Use of this format shouldn’t be necessary at all though for the situation described. You would export the individual instruments one at a time from Dorico as different files that were all the full length of the entire piece. If it is a 16 minute piece exactly, every single track exported should be exactly 16 minutes plus the 2 seconds or whatever that you have allocated for the reverb tail. When placing all tracks with 16:02 length to start at the same spot in whatever DAW, they should maintain exact synchronization throughout. I cannot think of any way that you could end up with 11 tracks of the exact same length that somehow fall out of synchronization with each other.

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After re-reading the original post, this jumps out and I should have addressed it in my previous message:

WAV files themselves contain no detail on tempo, meter, or where bar lines fall. What should happen is you would create a new project in your DAW (Ableton or whatever) which will probably default to 4/4 time and 120 bpm. When you import any WAV file containing music, it will import, and the entire project will still be 4/4 time and 120 bpm or whatever, and the bar lines of the 4/4 and 120bpm probably won’t match up with the imported audio unless by chance that it was in 4/4 throughout at 120bpm throughout. It would be the same as if you just imported a recording of someone talking, or a rainstorm - the 4/4 120bpm DAW default tempo and time signature is not likely to have any relation to the rhythm that the person is speaking at or that the rain is falling at. The fact that the bar lines and tempo are completely wrong generally don’t matter for things like mastering as at this point you are just working with the audio, so it doesn’t matter if the bar lines, tempo and meter don’t match up with what you have in the project.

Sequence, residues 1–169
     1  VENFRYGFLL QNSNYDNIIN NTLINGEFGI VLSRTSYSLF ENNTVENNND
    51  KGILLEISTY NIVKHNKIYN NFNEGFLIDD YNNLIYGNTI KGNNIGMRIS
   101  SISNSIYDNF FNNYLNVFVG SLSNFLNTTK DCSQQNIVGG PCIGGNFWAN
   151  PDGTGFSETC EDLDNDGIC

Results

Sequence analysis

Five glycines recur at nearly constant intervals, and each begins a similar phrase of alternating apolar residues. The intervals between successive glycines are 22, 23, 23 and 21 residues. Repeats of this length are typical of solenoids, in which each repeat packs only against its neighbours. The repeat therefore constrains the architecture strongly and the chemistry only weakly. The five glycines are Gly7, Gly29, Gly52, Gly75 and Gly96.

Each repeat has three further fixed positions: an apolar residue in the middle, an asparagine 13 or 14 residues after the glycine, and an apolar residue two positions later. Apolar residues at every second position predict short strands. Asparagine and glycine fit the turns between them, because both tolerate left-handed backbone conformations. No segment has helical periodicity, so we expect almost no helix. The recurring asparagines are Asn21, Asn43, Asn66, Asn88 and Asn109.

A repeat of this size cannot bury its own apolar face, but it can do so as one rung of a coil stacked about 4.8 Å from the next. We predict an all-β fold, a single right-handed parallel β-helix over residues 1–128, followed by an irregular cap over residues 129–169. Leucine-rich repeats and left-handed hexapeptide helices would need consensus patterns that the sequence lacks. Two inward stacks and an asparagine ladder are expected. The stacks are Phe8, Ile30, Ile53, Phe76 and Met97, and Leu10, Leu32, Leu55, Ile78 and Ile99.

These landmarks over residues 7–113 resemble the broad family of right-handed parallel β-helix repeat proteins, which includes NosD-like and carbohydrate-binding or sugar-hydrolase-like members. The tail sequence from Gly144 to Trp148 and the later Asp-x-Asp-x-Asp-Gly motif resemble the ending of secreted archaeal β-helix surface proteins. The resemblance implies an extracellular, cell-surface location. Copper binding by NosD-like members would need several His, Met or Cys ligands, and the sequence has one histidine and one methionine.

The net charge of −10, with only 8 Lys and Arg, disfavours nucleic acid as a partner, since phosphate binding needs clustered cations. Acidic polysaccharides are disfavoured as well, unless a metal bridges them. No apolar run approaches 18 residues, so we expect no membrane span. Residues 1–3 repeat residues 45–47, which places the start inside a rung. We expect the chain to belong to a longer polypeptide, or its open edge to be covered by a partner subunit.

But what you are describing seems different - “incorrect parameters”, not “missing parameters”. Although I don’t use Ableton, it might be that there is a function in Ableton to perform an audio analysis of a WAV being imported to try to “find the beats” in the WAV file by listening for transients from sources like drum kit hits and automatically add meter changes and tempo changes and bar lines based on where it finds the beats. But such functions are really just meant for pop/dance music with very predictable and regular beats. If you are using things like additive meter, there is no way an automated analysis could listen to the sound and accurately hear what the meter and tempo is. It would get most things completely wrong, which sounds like what is happening to you.

So instead what I would do is turn off this automated analysis function in Ableton so that the whole thing just imports into a default 4/4 120bpm project file, without trying to add its own meter changes and tempo changes. It will still be completely wrong in terms of where the bar lines are, but at least it won’t have wrong and confusing tempo changes and meter changes.

You can’t import a MIDI file into Ableton from Dorico to provide an audio rendition of the composition if you’re using NotePerformer, but you could import a MIDI file to provide the missing parameters like tempo, bar boundaries, and meters. Just delete the MIDI tracks in Ableton after you import the MIDI file and work with the audio tracks imported from Dorico instead.


If you need the tempo changes and bar lines and meter changes from Dorico in Ableton, yes you would transfer it over via MIDI. This is the way you normally transfer audio with bar/beat/tempo/time signature information from one DAW to another - transferring the MIDI tempo track first, followed by the audio files - because audio files themselves do not contain this information.

This can either be done with a regular MIDI export as you say, and delete the notes after the import into Ableton, or by doing a “Tempo Track” export from Dorico, which exports a MIDI file with only the tempo and time signature changes and no notes.